CD147 is a tumor-associated glycoprotein that regulates cell metabolism. However, CD147 methylation and its subsequent role in cancer cell metabolism remain unclear. Here, we detect CD147 di-methylation in 16 non-small-cell lung cancer (NSCLC) tissues using liquid chromatography-tandem mass spectrometry. CD147 is di-methylated to CD147-K234me2 by lysine methyltransferase 5A (KMT5A). The increase in KMT5A expression boosts the levels of CD147-K234me2, further promoting the interaction between CD147 and monocarboxylate transporter 4 (MCT4), which enhances the translocation of MCT4 from the cytoplasm to the membrane. Overexpression of CD147-K234me2 and KMT5A enhances glycolysis and lactate export in NSCLC cells. Clinical analysis shows that high CD147-K234me2 expression is significantly related to cancer progression and overall survival, and has prognostic significance in individuals with NSCLC, especially for those in the early stages. Our findings indicate that CD147-K234me2 plays a critical role in cancer metabolism, and it can be a highly promising therapeutic target for NSCLC.
    Keywords:  CD147; KMT5A; MCT4; NSCLC; di-methylation; lactate
    DOI:  https://doi.org/10.1016/j.cmet.2020.12.010
  6. Cancers (Basel). 2020 Dec 31. pii: E99. [Epub ahead of print]13(1):
    Molfino A, Amabile MI, Imbimbo G, Rizzo V, Pediconi F, Catalano C, Emiliani A, Belli R, Ramaccini C, Parisi C, Nigri G, Muscaritoli M.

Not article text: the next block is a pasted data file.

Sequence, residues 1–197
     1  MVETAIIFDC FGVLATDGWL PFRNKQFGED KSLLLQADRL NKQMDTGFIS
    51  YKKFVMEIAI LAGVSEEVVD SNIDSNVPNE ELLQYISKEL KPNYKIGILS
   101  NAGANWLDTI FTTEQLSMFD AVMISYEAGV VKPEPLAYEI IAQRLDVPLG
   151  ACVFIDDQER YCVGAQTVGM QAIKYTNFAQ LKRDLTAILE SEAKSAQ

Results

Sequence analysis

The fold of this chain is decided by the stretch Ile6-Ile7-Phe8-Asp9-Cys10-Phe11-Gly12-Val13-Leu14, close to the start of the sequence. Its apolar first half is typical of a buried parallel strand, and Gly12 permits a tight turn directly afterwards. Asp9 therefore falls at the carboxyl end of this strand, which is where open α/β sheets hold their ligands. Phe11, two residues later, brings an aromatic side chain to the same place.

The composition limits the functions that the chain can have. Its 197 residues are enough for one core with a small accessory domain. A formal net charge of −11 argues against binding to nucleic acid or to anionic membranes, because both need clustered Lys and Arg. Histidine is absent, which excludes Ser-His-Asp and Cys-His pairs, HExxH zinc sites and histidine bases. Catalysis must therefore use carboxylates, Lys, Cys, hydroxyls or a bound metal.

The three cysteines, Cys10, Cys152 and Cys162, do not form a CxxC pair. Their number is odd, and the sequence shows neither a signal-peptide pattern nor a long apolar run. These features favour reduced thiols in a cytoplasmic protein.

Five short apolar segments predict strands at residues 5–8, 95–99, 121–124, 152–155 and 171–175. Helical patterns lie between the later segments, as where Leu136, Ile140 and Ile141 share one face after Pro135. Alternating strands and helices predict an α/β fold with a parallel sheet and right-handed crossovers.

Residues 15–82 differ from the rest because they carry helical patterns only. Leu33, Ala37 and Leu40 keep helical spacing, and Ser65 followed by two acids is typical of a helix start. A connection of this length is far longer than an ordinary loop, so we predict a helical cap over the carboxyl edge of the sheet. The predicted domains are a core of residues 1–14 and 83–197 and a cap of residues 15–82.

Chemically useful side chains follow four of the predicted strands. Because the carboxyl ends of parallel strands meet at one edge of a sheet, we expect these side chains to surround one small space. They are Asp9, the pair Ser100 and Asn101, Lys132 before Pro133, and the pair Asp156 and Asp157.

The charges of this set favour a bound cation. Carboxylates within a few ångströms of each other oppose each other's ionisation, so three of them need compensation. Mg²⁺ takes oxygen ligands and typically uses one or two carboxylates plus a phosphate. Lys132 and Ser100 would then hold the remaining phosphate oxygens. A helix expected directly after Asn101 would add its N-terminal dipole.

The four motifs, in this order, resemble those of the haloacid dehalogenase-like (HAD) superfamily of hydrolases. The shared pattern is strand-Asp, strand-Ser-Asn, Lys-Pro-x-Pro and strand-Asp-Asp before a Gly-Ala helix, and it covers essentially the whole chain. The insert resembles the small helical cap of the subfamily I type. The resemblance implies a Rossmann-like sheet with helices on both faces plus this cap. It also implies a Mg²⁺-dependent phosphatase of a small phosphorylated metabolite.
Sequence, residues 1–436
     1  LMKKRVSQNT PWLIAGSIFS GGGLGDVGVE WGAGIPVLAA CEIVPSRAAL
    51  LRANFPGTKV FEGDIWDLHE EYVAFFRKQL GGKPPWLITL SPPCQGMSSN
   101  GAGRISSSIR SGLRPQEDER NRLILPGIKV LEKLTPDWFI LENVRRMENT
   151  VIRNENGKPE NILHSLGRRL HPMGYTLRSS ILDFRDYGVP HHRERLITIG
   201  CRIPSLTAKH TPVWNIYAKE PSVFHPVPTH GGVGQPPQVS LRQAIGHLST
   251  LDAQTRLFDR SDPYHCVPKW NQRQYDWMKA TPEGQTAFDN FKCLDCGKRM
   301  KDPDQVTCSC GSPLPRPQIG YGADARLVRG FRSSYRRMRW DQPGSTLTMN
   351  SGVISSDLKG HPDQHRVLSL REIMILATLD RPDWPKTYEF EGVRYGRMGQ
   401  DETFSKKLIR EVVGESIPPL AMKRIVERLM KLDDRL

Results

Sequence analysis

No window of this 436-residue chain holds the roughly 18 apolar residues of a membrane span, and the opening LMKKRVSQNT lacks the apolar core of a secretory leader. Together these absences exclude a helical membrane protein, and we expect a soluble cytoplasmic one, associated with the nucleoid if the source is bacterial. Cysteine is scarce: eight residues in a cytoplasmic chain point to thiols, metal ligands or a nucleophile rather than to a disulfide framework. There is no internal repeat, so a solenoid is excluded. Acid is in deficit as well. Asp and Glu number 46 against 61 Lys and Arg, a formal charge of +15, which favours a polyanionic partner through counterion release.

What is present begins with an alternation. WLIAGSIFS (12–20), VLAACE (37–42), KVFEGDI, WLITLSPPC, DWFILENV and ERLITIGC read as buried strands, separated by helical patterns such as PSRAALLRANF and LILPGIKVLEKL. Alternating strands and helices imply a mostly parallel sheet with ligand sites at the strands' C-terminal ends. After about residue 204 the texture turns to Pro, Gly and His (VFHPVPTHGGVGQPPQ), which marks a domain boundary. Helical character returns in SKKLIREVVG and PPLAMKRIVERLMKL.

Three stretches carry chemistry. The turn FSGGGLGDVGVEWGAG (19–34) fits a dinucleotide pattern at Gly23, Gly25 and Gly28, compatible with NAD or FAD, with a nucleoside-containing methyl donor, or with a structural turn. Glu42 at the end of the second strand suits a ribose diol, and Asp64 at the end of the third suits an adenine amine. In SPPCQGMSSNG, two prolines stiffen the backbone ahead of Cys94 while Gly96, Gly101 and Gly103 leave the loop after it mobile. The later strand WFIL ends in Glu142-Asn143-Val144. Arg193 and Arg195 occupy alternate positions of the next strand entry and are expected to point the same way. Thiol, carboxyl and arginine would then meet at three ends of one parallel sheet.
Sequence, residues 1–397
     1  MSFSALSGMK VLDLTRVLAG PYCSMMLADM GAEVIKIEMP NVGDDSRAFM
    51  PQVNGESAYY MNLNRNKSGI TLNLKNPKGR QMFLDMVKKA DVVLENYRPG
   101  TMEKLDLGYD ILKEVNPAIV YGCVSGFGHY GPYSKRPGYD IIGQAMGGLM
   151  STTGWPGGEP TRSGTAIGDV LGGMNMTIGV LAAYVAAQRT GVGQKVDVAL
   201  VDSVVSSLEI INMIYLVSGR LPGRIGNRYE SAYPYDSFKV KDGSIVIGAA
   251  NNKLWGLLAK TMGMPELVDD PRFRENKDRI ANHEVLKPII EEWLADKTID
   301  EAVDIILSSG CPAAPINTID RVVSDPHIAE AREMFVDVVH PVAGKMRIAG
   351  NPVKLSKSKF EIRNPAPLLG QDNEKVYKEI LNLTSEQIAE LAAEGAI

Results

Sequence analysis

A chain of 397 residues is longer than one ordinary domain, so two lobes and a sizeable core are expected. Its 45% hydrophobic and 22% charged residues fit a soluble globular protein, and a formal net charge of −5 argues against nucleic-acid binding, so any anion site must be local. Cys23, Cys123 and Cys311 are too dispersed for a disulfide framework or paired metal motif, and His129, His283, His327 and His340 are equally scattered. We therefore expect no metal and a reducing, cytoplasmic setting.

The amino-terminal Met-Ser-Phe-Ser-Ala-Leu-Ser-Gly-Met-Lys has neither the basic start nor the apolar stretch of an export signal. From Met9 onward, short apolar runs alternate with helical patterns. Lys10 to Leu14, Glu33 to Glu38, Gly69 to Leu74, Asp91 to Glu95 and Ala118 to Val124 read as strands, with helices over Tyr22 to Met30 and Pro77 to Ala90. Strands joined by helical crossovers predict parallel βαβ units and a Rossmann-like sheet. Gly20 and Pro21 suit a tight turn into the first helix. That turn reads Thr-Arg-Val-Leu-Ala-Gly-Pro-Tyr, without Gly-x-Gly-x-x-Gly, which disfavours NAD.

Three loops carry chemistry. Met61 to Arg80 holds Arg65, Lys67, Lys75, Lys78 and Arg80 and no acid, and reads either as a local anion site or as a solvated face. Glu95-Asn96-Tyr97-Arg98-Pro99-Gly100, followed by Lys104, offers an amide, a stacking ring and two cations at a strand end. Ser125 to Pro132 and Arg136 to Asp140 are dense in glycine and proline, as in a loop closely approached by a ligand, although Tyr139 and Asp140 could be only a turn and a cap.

The pathophysiology of cancer anorexia is complex and serum biomarkers, including growth and differentiation factor(s) (GDF), may be modulated. We explored the association(s) between GDF-15 serum levels and anorexia and, secondarily, with low muscle mass and body weight loss in cancer patients. We considered gastrointestinal and lung cancer patients (CP) and healthy BMI-matched controls. The FAACT-questionnaire was administered to diagnose anorexia and we calculated the L3-SMI by CT scan to assess low muscularity, setting their cutoff values at the lowest tertile. GDF-15 serum levels were assessed by ELISA. We enrolled 59 CP and 30 controls; among CP, 25 were affected by gastrointestinal and 34 by lung cancer. Anorexia was present in 36% of CP. Gastrointestinal CP resulted more anorexic compared to lung CP (p = 0.0067). Low muscle mass was present in 33.9% of CP and L3-SMI was lower in gastrointestinal compared to lung CP (p = 0.049). The GDF-15 levels were higher in CP vs. controls (p = 0.00016), as well as in anorexic vs. non-anorexic CP (p = 0.005) and vs. controls (p < 0.0001). Gastrointestinal CP showed higher GDF-15 levels vs. lung CP (p = 0.0004). No difference was found in GDF-15 between CP with low muscle mass and those with moderate/high muscularity and between patients with body weight loss and those with stable weight. Our data support the involvement of GDF-15 in the pathogenesis of cancer anorexia. The mechanisms of action of GDF-15 in cancer should be further clarified also regarding the changes in muscularity.